How To: Packing Beer and Wine for Travel

Wineskin, Packing beer
There comes a time when every craft beer lover needs to pack a few brews into a suitcase and head for the airport.

Maybe you want to bring a special bottle along on vacation to share with a friend or to give as a host gift. Perhaps a visit to a far off locale has exposed you to a life-changing beer you can’t get at home. From a souvenir perspective, locally-brewed beers make for refreshing mementos from any journey. Regardless of the reason, proper packing for the rough and tumble associated with travel, especially the ruthless handling of checked airline baggage, is a must.

Bringing beer in your carry-on luggage is a non-starter. TSA regulations prohibit liquids in containers larger than 3.4 ounces. If you’re at an airport with a bottle shop beyond the security checkpoint, you’re free to purchase there and carry on those bottles. However, don’t expect any rare, highly sought-after brews.

Without a viable carry-on solution, you’re stuck with checking your beer in a suitcase. The ideal piece of luggage should have a rigid, hard-sided structure. Bags with collapsible walls, such as duffels, are not suited for transporting such delicate cargo. Here are five ideas to help relieve the packing headache.

DIY Packing

  1. If you have a choice between cans and bottles, choose cans. Cans are lighter and more resilient than glass. To be on the safe side, we suggest wrapping your cans in a plastic bag and sealing the opening with packing tape. Then, place clothes around the cans to create a nest and reduce movement.
  2. Glass bottles require far more attention and finesse. You need to make sure the bottles do not touch each other, the glass is close to the middle of the bag and that the bottles are tightly packed with as little shifting as possible.

This is where creativity comes in to play. Twelve ounce bottles fit nice and snug inside running shoes, for example. But if you’re looking to bring more beer, or larger format bottles, your travel kit needs to include bubble wrap, packing tape and plastic bags. To be on the safe side, tape down the caps tightly onto the bottle. Then, place each bottle inside of a sock or wrap individually with bubble wrap. Next, bundle all of your bottles together and enclose the group in a halo of bubble wrap. Finally, seal the collection in a plastic bag in the center of your suitcase and pad out the sides with clothes.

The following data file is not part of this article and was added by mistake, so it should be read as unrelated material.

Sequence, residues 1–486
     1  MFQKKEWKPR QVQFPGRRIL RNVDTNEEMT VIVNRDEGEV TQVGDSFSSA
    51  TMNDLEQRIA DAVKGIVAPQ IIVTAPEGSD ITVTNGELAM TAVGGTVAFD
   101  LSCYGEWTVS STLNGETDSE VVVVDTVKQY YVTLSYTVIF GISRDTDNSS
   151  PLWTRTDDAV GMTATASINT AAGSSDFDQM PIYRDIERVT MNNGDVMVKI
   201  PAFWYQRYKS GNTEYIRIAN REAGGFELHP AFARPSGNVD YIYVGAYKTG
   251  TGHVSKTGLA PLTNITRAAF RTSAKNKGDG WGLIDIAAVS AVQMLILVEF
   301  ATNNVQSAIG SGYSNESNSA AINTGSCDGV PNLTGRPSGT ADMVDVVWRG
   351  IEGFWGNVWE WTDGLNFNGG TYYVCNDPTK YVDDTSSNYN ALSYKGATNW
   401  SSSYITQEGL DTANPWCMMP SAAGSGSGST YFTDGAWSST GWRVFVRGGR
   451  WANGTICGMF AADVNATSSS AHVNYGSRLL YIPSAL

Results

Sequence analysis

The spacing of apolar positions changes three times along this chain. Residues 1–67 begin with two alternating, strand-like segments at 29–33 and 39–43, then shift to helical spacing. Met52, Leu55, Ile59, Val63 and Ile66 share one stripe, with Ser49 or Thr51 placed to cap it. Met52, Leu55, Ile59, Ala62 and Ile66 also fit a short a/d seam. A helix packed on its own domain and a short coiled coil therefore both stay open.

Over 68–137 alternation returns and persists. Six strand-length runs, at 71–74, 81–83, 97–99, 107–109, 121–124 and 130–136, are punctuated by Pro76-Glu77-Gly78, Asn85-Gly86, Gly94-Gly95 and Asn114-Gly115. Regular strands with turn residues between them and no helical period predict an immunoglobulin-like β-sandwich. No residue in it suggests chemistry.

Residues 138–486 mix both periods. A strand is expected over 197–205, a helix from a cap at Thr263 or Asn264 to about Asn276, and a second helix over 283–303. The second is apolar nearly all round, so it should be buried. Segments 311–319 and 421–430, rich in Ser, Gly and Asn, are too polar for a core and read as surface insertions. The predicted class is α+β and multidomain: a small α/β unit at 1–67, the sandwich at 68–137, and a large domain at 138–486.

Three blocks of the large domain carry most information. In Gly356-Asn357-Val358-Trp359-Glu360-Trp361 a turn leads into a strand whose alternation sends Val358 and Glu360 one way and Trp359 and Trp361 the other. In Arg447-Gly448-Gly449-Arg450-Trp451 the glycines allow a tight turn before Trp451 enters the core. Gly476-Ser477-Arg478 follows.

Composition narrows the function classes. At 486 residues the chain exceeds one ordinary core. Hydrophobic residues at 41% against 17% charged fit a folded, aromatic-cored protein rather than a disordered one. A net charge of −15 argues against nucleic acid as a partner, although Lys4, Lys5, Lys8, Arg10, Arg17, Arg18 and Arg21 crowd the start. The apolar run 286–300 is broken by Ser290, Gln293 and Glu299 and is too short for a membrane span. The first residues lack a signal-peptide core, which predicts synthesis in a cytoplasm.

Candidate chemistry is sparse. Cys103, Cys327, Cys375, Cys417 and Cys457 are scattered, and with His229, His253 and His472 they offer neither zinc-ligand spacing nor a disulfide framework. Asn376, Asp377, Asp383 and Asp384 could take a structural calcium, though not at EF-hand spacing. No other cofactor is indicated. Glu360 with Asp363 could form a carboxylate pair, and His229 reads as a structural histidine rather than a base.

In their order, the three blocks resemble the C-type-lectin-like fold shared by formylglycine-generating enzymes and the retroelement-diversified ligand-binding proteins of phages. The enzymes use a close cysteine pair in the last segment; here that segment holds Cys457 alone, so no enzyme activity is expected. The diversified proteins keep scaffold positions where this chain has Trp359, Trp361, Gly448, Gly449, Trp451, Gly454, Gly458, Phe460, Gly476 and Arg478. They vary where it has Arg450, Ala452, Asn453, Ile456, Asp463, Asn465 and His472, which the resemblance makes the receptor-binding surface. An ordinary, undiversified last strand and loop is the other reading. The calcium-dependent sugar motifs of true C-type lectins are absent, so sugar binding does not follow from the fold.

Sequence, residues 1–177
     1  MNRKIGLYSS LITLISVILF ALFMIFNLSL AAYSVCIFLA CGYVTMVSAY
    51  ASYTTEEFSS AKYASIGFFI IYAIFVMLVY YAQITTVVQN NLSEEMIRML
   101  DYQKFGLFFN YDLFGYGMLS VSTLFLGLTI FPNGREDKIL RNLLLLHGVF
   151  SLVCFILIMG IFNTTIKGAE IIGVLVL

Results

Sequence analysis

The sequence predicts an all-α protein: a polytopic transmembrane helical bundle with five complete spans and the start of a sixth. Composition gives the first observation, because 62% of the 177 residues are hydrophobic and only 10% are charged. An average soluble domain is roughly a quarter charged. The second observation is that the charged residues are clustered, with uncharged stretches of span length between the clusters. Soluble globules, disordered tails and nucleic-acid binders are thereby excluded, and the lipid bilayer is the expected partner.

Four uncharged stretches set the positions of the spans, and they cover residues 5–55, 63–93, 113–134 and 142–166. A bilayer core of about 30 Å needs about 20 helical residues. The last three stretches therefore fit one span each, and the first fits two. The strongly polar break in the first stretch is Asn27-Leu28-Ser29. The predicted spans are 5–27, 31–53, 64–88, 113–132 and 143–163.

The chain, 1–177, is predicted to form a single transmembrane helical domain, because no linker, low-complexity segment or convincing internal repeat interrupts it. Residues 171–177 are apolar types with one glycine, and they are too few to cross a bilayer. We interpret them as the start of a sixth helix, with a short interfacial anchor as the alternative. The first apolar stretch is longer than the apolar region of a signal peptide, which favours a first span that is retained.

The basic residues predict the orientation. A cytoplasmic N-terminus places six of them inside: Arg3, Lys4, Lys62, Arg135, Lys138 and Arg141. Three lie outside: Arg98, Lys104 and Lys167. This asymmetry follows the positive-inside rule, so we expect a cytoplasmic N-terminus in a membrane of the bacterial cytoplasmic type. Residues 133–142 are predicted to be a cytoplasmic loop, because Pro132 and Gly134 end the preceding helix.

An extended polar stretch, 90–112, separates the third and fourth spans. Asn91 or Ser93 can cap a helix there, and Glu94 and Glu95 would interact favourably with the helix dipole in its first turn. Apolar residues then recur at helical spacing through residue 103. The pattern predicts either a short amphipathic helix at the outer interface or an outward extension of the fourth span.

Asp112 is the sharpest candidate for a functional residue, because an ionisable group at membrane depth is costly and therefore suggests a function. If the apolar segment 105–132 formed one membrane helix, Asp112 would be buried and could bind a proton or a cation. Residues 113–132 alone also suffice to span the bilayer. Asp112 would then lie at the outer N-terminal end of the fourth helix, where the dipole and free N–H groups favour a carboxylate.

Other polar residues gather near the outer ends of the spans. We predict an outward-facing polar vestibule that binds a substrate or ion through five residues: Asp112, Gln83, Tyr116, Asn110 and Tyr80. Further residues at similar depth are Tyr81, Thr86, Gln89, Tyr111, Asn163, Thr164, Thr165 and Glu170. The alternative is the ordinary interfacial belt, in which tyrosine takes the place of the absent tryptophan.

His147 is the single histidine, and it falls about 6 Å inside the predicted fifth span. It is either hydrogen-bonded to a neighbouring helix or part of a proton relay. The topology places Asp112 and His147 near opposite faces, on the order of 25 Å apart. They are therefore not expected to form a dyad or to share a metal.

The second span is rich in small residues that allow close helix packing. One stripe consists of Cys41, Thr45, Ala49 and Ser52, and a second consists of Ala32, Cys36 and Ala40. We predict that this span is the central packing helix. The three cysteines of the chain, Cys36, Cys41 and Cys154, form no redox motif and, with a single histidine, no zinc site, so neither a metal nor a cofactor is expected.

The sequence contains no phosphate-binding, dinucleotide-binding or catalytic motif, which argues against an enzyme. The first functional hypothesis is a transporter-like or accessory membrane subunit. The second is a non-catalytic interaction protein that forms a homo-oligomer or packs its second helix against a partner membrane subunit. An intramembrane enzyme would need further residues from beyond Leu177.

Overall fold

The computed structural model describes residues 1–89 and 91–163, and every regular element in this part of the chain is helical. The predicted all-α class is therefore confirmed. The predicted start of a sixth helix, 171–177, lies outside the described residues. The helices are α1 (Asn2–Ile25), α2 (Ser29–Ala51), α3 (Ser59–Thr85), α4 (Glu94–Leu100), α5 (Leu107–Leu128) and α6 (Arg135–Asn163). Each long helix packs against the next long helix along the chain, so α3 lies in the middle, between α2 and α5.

Commercial Products & Methods


1. WineSkin: These self-sealing, bubble-wrap sleeves are designed for wine; but they expertly fit most beer bottles, including 750ml and 22-ounce bombers nicely.


2. VinniBag: This novel invention suspends bottles (or anything fragile) in an air cushion with a two-way valve. The bag stands up to the changing pressures of the cargo hold and has a dry seal that holds any liquid in should a leak occur.


3. If all of this sounds like too much, you could just ship your items home. Wrap cans and bottles in plastic wrap, then place in a fitted cardboard box. Place that box inside a larger box with scrap paper, air bags, or packing peanuts as a cushion (all are available at the shipping office). It can become an expensive endeavor, but with insurance, can provide the safest route home for your new boozy souvenirs.

As long as your alcohol of choice is lower than 24% alcohol, you can pack as much as you want in your suitcase, as it is not subject to hazardous materials regulations. So go crazy. With a few smart packing decisions, your beer will be safely waiting for you at the baggage carousel, wherever your final destination may be.

Once you board the plane, treat yourself to this travel playlist:

Food & Drink

Brewing Outside the Cauldron: The Very Best Pumpkin Beers of 2018

The best pumpkin beers of the year include wild ales, imperial porters, and other pie-inspired concoctions from top craft breweries.

Easy Camping Hacks for the Reluctant Outdoorsman

Make 'roughing it' a bit less rough.

8 Airplane Hacks That Make Air Travel Suck a Lot Less

We’re fond of any tip that makes flying a little easier.

Ski Butlers are a Thing. We Went to the Rockies to Find Out What they Do and Why

Why the saviest skiers and smartest shredders enlist the help of a ski butler to service and set up their gear.